THE PROPHETIC SEALS AND PLAGUES OF THE BOOK OF REVELATION
When studying the prophecies concerning the prophetic seals and plagues of the Book of Revelation, it is good to keep the following in mind:
- These prophecies were given to John during the demise of the early church, after the destruction of Jerusalem in 70 A.D., and after the death of all the apostles but John.
- The organized and powerful preaching of the gospel was coming to an end, the elect were being persecuted, and their numbers were rapidly declining. Because the concentrated spiritual and physical power of the holy people was dissipating, the early church was about to cease its existence as a powerful spirit-filled entity.
KEYS TO UNDERSTANDING There are several keys that will help us understand the prophetic seals and plagues of the Book of Revelation. One of these keys is in the first chapter of Revelation:
“The revelation of Jesus Christ, which God [the Father] gave him, to show his servants things which must shortly come to pass . . .” (Rev.1:1 Para.).
Notice that this book was written so that the Father’s servants can understand what he and Jesus Christ are planning to do concerning the end of human rule on earth. Because it is probable that humanity is living in the time just before Christ’s return, it is extremely important for the servants of God to understand the message that Christ sent them through John.
To The Seven Churches “I was in the spirit on the Lord’s day, and heard behind me a great voice, as of a trumpet, Saying, I am Alpha and Omega, the first and the last: and, What you see, write in a book, and send it to the seven churches which are in Asia; to Ephesus, and to Smyrna, and to Pergamos, and to Thyatira, and to Sardis, and to Philadelphia, and to Laodicea” (Rev.1:10-11 KJV).
Through the power of the holy spirit, the apostle John was projected far into the future, to a time just before the return of Jesus Christ. The information given to him was to be sent to seven churches that were in Asia, but why was he supposed to give the message only to seven of the churches in Asia?
One reason seems to be that these seven churches were centers of mail distribution and on a mail route that began and ended with the first and last churches mentioned (Ephesus and Laodicea), which indicates a prophetic progression of events with a beginning and ending point. It is also interesting that, in the end of the age, the Laodicean church seems to receive the severest persecution of all the seven churches and their persecution ends just before Christ’s return.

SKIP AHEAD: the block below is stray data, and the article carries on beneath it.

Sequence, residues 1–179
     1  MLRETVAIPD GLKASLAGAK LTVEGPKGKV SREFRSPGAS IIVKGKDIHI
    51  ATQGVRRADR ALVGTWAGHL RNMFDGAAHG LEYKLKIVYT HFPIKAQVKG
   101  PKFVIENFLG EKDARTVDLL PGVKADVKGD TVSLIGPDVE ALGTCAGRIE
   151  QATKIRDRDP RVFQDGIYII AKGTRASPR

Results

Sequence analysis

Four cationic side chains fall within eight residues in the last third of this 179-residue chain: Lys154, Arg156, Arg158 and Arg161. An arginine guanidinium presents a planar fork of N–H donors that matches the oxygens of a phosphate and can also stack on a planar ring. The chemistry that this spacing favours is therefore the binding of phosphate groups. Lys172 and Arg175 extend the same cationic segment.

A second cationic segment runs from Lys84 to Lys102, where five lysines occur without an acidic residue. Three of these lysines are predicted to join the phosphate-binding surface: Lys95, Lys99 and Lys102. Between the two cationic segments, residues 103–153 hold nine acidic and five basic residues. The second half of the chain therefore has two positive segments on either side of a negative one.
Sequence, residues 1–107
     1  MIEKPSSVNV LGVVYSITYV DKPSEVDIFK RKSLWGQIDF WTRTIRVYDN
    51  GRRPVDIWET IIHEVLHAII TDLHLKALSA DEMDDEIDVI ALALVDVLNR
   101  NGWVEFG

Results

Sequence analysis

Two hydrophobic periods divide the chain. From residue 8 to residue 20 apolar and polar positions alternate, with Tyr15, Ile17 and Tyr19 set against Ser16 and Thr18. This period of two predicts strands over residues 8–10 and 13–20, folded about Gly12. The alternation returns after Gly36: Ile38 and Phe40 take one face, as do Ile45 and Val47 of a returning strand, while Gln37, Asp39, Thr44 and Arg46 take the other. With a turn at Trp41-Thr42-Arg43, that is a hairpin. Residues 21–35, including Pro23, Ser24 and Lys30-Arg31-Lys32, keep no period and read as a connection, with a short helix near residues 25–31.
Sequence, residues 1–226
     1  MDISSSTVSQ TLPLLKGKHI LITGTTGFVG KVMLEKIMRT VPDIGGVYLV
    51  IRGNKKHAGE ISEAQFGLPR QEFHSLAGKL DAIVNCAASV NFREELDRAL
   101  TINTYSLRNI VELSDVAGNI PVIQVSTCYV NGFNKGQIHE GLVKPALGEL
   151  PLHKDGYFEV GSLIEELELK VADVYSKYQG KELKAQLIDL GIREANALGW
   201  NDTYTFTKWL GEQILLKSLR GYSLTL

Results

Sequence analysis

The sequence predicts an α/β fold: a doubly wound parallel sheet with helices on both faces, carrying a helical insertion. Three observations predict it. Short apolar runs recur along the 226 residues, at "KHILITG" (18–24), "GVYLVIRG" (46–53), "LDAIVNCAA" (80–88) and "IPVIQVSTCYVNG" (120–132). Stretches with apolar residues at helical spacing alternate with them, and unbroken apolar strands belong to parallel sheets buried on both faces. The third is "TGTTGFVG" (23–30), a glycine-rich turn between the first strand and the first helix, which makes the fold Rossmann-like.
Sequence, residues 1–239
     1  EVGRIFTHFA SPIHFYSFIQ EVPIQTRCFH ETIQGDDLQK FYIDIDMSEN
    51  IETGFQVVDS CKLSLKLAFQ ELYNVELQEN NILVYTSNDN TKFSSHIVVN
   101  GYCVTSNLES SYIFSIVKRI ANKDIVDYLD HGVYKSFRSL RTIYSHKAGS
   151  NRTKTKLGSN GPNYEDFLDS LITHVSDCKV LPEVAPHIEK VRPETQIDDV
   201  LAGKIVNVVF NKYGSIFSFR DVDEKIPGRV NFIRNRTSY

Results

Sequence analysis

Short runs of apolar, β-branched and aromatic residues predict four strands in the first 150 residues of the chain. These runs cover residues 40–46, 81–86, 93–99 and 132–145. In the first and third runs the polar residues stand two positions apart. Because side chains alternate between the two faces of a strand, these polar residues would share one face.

The number seven is used in the Bible to symbolize a division of time, spiritual perfection, completeness, finality, and bringing to an end. Within the messages to these seven churches we see all of these symbolic meanings. Depicted in these seven churches are attitudes and behaviors that cause people to lose their salvation if they do not change them prior to the first resurrection.
THE FIRST FIVE CHAPTERS It seems logical to assume that the chronological order of presentation in the first five chapters reveals important information that will help unlock the understanding of the first five seals. This is because the first five chapters contain background information concerning the innerworkings of God’s government as it relates to his elect children. These chapters also reveal the basic attitudes and behaviors that existed in the church during John’s time. These same attitudes and behaviors have existed in varying degrees throughout the centuries since John’s time and will exist in the very end of the age.
It is only after this background information is given and after the churches have received their warnings from Jesus Christ that he opens the first seal.
THE FIRST FIVE SEALS The first five seals contain a number of events and conditions that threaten the health, welfare, and safety of the earth’s population, including God’s elect. Many of the prophecies contained in the biblical record seem to indicate that, in the end of the age, the entire population of the earth will receive the wrath of God because of their rebellion against him. The descendants of the Patriarchs, Abraham, and Israel are specifically targeted to receive most of God’s wrath.